By Vicente Morin Aguado
HAVANA TIMES – A young French woman living in Marbella sang “Comme d’habitude” masterfully in the 1968 edition of the Voice of Spain, a competition like Got Talent, but focused on singers with no real recognition in the world of music. “My Way” (A mi manera in Spanish) are versions of the French song that made its mark in Cuba.
Under the signature of its author Claude Francois, the song became extremely popular in France, and it was a hit in the English speaking world too, first with Canadian singer Paul Anka’s silky voice, later immortalized by the king of the so-called crooners, Frank Sinatra.
It was the ‘60s, Cuban Culture had barely survived even though it had been suffocated with a gag order because of the wave of music at the time, headed by the Beatles, and thought to be dangerous. Harsh punishments were handed out for the possession or playing of foreign tapes, especially ones in English.
The “reasoning” behind this practice, imposed by the totalitarian system in training, was summarized by Cuban-American musician Pablo Menendez: Anglosaxons make up the Capitalist Empire that is Socialism’s enemy. Anglosaxon musicians sing in English and have long hair. Therefore, the music of long-haired Anglosaxons is Socialism’s enemy.
However, Communism’s absurd Iron Curtain had its cracks and Paul Anka was one of the people who was able to pass through, who became very popular among Cubans.
Missing the Beatles, Rolling Stones and other representatives of the Imperialist enemy, they put up with the Canadian, perhaps it was because his singing was the personal preference of a revolutionary leader in charge of Culture in the 60’s. The songs of this long-lived Canadian singer and composer became a standard at any 15-year-old party, an essential celebration in any family when any girl in the home reached this age.
Of course, “My Way” was also played. There were Spanish versions, which were less repressed (including the Los Cinco Latinos cover), strengthening its unusual circulation. Some songs tasted like glory in a country that was almost cut off from the rest of the outside world, experiencing all kinds of restrictions. When we were younger, I remember going to parties wearing our school uniform but with some minor adjustments, especially our boots, whose soles and heels were cut down to the sole, becoming “Hollywood heels”, like they were called.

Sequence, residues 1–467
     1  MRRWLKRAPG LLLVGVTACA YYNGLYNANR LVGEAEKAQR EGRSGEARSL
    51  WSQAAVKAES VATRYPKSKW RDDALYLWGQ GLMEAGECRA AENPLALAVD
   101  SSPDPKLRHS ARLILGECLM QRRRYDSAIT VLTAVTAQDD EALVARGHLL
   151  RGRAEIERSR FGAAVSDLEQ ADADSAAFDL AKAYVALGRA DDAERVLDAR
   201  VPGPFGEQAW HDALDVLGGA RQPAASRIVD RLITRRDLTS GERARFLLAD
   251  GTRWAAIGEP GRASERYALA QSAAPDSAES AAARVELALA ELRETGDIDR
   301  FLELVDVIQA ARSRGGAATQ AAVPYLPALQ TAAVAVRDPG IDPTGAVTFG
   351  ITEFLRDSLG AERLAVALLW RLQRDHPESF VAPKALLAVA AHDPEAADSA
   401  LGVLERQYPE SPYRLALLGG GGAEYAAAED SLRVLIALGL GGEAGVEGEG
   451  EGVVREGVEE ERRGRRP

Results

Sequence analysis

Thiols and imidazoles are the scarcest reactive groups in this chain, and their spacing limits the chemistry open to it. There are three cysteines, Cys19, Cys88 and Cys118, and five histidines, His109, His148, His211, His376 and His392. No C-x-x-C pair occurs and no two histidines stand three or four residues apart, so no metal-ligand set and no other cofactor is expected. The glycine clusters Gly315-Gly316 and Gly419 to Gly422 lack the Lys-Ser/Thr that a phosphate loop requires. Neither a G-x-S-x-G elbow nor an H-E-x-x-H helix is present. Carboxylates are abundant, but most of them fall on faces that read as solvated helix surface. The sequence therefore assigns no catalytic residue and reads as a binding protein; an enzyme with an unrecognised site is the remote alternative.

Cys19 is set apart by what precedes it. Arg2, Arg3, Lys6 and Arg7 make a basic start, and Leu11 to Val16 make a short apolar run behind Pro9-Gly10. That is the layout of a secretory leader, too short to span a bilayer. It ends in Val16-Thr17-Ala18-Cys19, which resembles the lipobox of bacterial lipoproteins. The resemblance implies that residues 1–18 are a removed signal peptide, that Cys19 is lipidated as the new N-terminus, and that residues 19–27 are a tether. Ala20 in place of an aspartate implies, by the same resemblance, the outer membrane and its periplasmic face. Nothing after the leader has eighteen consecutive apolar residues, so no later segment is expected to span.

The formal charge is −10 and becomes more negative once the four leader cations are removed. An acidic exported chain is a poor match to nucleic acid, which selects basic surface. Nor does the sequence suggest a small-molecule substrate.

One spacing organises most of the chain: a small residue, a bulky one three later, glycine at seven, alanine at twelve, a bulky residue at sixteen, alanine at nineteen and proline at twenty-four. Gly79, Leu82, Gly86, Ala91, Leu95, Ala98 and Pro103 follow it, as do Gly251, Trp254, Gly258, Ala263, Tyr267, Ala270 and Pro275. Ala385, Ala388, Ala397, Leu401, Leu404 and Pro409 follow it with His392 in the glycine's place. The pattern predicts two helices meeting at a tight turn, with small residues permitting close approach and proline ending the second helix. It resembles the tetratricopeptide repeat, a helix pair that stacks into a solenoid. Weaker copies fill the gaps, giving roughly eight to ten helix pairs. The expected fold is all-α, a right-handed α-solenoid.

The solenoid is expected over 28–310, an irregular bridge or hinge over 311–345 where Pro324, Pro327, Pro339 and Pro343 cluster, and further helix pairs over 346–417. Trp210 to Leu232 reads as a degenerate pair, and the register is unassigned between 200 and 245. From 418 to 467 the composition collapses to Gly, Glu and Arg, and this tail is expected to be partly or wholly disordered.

Many artists were sent off to reeducation camps called Military Units to Aid Production (UMAP), others couldn’t deal with so much discrimination and ended up in exile.
Paul Anka, The Beatles and even Tom Jones persisted, hidden more or less or discreetly allowed by Big Brother, sometimes turning its eyes away. We finally heard “Let it Be” on the radio, everything from that English four-man band before this came to us as retro music.
With regard to the great Frank Sinatra, his footprints in Cuba date back to 1946, already famous for his exacting pronunciation when he sang, almost in a whisper. Sinatra was a special guest at the New Year’s party at Cuba’s Hotel Nacional. The Italian-American was admired by mafia bosses and his presence in Havana diverted public attention away from the second meeting of the century of the capos di tutti capi (bosses of all bosses), with Lucky Luciano as their leader, held at this emblematic hotel.
Sinatra always denied his first stay at that hotel, protected by the fact he didn’t officially check-in at the hotel, but he would return the following year and then two more times in 1951, the last time after his recent marriage to Ava Gardner.
It’s impossible to block out the sun and Sinatra ended up becoming famous in Cuba, just like John Lennon did, sitting on one of Havana’s park benches, today the subject of many photos by tourists and Cuban residents.
Maybe the Communists who waste away here accept the music of those noisy portable speakers in fashion, imitating leaders of millennia-old religious congregations, so they don’t lose the parishioners who clap them on.
Very few people can say with the overflowing pride of Claude Francois, Paul Anka, Frank Sinatra, and even the king obsessed with musical covers, Julio Iglesias ““And now, as tears subside, I find it all so amusing”
“To think, I did all that, and may I say, not in a shy way”
“Oh no, oh no not me, I did it my way.”
NOTE: In the ‘50s, Fernando Pruna Bertot, a writer and friend who I am indebted to for some of what I have written in this article, paid from 4 to 6 pesos (the same in USD) for a Frank Sinatra LP. A bottle of Coca Cola used to cost 5 cents back then.
Vicente Morin Aguado: Mardeleva287@gmail.com